Mr. Azzopardi added that the governor’s office expected most New Yorkers to comply with the order, as they had with previous restrictions. Widespread compliance rather than enforcement was the key to any of the state’s rules being effective, he said.
“I think New Yorkers get the message,” he said. “It’s common sense.”
Still, Sheriff Apple of Albany County said he worried that the mounting backlash among the state’s sheriffs might encourage residents to further flout pandemic rules and regulations.
“I would have much preferred they said nothing,” he said of other sheriffs. “Because there’s nothing wrong with people fearful of the police coming to your house if that’s what’s going to keep you from having 30 people over at a super-spreader event.”
In New York City, officials also said they were counting on residents to comply with the cap on private gatherings. “When it comes down to individual families, we’re not going to enforce on family gatherings,” Mayor Bill de Blasio said at a news conference. “We will on bigger gatherings.”
The police commissioner, Dermot F. Shea, said in a television interview that the Police Department was “not planning on breaking up Thanksgiving celebrations.” (The department has not taken the lead in enforcing virus-related restrictions in the city since May after accusations of racial bias in enforcement.)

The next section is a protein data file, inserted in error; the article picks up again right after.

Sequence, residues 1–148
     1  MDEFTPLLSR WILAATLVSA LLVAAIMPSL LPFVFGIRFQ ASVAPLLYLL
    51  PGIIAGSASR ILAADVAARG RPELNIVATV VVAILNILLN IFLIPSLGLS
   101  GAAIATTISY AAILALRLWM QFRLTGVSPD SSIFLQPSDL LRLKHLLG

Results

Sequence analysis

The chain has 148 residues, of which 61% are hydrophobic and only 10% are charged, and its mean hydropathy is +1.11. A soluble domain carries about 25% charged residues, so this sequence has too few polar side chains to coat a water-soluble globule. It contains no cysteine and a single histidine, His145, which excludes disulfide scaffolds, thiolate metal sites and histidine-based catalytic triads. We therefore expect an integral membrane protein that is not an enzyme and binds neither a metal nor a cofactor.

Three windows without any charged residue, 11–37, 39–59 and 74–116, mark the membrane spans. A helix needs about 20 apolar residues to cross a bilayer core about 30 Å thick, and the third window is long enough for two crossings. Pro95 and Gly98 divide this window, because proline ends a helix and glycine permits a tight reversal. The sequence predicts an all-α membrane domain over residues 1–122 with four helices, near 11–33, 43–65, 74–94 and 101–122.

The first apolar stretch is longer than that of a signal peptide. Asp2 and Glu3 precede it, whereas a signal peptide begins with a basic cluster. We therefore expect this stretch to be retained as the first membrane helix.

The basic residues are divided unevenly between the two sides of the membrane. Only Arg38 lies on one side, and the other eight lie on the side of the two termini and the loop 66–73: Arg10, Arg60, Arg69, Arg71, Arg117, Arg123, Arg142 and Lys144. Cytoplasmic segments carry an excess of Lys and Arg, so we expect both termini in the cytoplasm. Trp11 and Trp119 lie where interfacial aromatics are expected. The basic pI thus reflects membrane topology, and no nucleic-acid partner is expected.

Joseph Fucito, the city’s sheriff, said his office would be more focused on large-scale events and businesses.
On Long Island, the Suffolk County Police Department said in a statement that it would enforce the governor’s restrictions. The county executive, Steve Bellone, said there would be extra police patrols on the holiday.
“The public, they do alert the police to places where there are large gatherings happening,” Mr. Bellone, a Democrat, said. “And we will be responding.”
Jeffery C. Mays contributed reporting.